In 1950, Gina and Phillip moved to Tucson, Arizona, following a two month vacation there. Tucson remained their US home for the remainder of their lives. Gina worked in real estate and was quoted in an advertisement in Tucson for Hammond organs in the late 1950s as saying that, “As a writer, a member of a real estate firm and housewife, I lead a busy life. Yet when things begin to overwhelm me, I can always find new stimulation and inspiration at the Hammond.”The precise timing, duration and motives for the couple’s decision to live in Mexico for a time in the mid-1960s—from about 1964 to 1968—are unclear.

Long-time Chapala resident Bill Atkinson recalled that Phillip, while not himself a writer, certainly moved in literary circles and was active in Ajijic social circles. In July 1964, the Guadalajara Reporter told its readers that Phillip Hildreth “hosted a supper for Martha and Volney Hildreth and their children who have taken a house here for the summer.” Six months later, the newspaper described how Philip Hildreth and his wife were in the middle of a 12-week-long competition organized by the “Ajijic chess club,” competing against John Mersereau, Dick Bishop, Larry Hartmus, Lou Wertheimer and Bob Somerlott.

The Hildreths were especially close to Dick (Dickinson) Bishop and his wife, Nina. When Nina passed away, Gina Hildreth penned a moving tribute to her friend, describing how Nina and Dick had moved to Ajijic “scarcely more than three years ago,” and how Nina, “an artist of great talent,” maintained a stable of fine horses.

Gina and Phillip still had a home in Ajijic—at Calle Zaragoza 19—at the time of Phillip’s death in June 1968 a Guadalajara hospital, at the age of 69.

Gina returned to live in Tucson and was a lecturer in English, teaching creative writing at the University of Arizona in the early and mid-1970s, at the same time that another Ajijic resident, John Lee, taught there.

hildreth-dessart-gina-Ajijic - Artists of 50 Years Ago-3

According to a Kirkus review, A Man Died Here (1947) tells the story of the Macklin family’s “attempts to piece out the happenings in the Williams family  when as the new owners of the Williams house, their curiosity is first aroused by the house itself, later by the hints of gossip, hatred, evasion, in the town. Bob and Liz fit together each small fact, each tiny segment of character, and write finis to a story of bondage, cruelty, dishonesty, lifting the shadow from the house.”

In The Last House (1950), according to one reviewer, a Connecticut gal “gets herself shot in village kitchen. Suspicion falls on various neighbors, male and female.” The reviewer, William C. Weber found the book to be an “absorbing and capitally written mystery-suspense tale with interesting psychological overtones.”

A review of Cry for the Lost describes it as “a murder story that poses no problem of who committed the crime. The interest and excitement in this suspense story lies in following the effect of the murder upon the characters and lives of the people who had been closely associated with the man who is killed. Miss Dessart reveals with considerable understanding and a searching sympathy the inner probings that torment both the guilty and the innocent when faced with the bitter knowledge that one among them has been driven to taking a human life.”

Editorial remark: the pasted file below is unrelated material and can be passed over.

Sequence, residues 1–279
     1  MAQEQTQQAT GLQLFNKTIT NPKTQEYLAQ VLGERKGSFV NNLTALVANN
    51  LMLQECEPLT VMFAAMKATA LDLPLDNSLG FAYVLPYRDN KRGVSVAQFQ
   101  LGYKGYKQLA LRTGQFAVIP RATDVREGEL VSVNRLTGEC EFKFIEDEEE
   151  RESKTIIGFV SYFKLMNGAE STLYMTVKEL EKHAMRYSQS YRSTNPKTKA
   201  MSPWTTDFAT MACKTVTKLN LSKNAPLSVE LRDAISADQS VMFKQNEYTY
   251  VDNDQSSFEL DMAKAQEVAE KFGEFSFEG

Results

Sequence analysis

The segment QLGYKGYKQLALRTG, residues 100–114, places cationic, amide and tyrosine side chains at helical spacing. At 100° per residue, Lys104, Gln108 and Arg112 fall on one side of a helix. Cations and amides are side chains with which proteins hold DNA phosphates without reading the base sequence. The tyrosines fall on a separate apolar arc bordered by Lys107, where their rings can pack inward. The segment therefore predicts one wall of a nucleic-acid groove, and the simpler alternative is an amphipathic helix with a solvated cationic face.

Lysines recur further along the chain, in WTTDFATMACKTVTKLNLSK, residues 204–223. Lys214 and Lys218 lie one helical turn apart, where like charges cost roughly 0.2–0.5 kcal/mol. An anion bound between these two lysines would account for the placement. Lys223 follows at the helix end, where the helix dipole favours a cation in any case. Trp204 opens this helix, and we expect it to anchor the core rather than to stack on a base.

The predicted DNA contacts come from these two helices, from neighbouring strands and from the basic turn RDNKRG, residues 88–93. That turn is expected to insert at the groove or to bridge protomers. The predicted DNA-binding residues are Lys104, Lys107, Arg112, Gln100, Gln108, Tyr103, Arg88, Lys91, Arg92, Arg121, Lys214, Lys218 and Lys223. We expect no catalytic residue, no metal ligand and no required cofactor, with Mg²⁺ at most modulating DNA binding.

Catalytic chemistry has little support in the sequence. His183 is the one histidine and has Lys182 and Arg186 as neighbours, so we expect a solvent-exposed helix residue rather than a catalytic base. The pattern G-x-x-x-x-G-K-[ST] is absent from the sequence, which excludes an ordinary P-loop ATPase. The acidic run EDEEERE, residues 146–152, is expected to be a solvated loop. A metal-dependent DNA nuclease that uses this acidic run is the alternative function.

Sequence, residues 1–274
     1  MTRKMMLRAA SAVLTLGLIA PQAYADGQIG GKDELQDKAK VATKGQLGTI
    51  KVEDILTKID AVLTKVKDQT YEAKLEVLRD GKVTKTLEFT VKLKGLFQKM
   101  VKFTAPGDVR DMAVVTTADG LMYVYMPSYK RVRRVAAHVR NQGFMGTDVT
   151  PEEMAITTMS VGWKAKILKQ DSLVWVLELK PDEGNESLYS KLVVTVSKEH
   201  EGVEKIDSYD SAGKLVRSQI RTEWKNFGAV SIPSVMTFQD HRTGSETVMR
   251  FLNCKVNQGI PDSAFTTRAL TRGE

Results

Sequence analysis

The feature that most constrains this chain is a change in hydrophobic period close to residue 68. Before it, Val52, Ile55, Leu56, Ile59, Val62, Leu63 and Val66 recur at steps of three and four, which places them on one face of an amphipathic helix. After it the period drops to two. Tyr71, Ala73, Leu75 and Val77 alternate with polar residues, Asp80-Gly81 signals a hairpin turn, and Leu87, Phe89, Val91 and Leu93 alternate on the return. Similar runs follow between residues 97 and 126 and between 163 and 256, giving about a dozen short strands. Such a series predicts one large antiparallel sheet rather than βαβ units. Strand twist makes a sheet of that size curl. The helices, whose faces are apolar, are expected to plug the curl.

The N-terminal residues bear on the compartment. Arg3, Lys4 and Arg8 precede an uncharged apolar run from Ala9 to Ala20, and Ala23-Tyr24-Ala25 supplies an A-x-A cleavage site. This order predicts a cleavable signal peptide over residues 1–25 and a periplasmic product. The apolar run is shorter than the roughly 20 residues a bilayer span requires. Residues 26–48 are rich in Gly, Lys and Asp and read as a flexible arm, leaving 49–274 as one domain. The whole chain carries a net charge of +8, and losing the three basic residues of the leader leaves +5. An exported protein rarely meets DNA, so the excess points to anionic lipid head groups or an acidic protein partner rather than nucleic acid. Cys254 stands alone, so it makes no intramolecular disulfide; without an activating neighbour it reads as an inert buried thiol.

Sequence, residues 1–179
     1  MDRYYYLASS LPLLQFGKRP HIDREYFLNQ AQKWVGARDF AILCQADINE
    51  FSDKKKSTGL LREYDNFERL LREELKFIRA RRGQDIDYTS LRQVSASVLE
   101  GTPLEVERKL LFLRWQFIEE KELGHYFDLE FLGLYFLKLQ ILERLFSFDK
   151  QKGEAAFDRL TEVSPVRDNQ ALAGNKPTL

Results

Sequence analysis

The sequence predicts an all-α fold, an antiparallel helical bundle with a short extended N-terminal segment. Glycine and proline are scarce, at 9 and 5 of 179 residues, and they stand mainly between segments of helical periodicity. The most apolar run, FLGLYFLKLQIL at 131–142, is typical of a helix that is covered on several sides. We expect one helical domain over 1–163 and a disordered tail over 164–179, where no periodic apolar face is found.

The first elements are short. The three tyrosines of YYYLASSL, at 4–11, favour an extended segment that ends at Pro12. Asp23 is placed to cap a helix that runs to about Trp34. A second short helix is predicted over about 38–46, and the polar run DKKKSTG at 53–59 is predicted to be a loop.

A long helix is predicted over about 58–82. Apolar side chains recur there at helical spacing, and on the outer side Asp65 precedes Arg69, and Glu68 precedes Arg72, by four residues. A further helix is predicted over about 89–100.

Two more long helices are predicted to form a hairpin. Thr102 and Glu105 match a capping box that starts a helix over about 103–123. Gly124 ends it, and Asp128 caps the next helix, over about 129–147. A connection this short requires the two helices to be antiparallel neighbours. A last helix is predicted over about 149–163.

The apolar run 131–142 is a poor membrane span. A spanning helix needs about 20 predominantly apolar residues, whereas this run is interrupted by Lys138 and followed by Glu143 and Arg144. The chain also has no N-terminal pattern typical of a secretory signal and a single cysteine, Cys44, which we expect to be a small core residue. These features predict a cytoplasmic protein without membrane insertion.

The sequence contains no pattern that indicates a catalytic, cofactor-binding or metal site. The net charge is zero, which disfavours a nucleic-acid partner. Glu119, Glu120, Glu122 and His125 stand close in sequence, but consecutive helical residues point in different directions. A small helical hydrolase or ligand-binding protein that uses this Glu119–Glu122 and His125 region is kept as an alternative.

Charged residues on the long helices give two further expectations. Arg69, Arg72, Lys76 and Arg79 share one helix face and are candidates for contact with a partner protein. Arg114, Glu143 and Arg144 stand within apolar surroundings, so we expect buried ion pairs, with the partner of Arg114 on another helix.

Note: this is an updated and expanded version of a post first published on 3 November 2014.

Sources:

  • Arizona Daily Star (Tucson): June 8, 1958, 18.
  • Guadalajara Reporter: 1 Jul 1964; 10 Dec 1964; 14 Jan 1965; 23 Sep 1965.
  • Mecheline Keating, “Cry for the Lost – review”, Tucson Daily Citizen, 3 October 1959, p 13.
  • William C. Weber, “The Last House, by Gina Dessart” in Tucson Daily Citizen, August 28, 1950, p 12.
Aug 132020
 

Ever since I first stumbled across two woodblock prints by Raphael Greno, I have wanted to see more examples of his work, characterized by a superb eye for detail and high-quality workmanship. So imagine my surprise and delight a week ago when I received an email from a collector with images of another Ajijic print by Greno. This one is especially intriguing.

The subjects of the four Greno prints I’ve seen previously—for details, see Raphael and Vee Greno, multi-talented artists who lived in Ajijic in the 1970s—are all readily identifiable. This latest Ajijic print, entitled “Don Elpidio,” is a powerful study of an elderly man, most likely a resident of Ajijic.

Raphael Greno. "Don Elpidio"

Raphael Greno. “Don Elpidio”

I know that at least two of Greno’s other prints date back to the 1950s; it is possible that he was still producing them as late as the 1970s.

Can anyone tell me more about this gentleman or his family? It would be fantastic to learn more about the subject of Raphael Greno’s masterful portrait.

Update

  • My sincere thanks to Ajijic artist Dionicio Morales for identifying Don Elpidio as Elpidio Rameño Pérez. Elpidio Rameño Pérez was born in Ajijic on 10 November 1914, married Maria Refugio Ramos in 1937, and was Secretary of Club Deportivo Unión de Ajijic, A.C., when it was founded in 1959.

Acknowledgment

  • I am very grateful to Jacob Hayman for bringing this work to my attention and for providing the excellent photograph.

Comments, corrections or additional material related to any of the writers and artists featured in our series of mini-bios are welcomed. Please use the comments feature at the bottom of individual posts, or email us.

Jun 182020
 

Even my best efforts sometimes fail to turn up anything of note about certain artists that I know lived and worked at Lake Chapala.

Joe Vines is a case in point. Even though several artists I have interviewed in the past decade have mentioned him—and recall his work—I have managed to find out virtually nothing about this elusive artist who lived in the late 1960s in Jocotepec.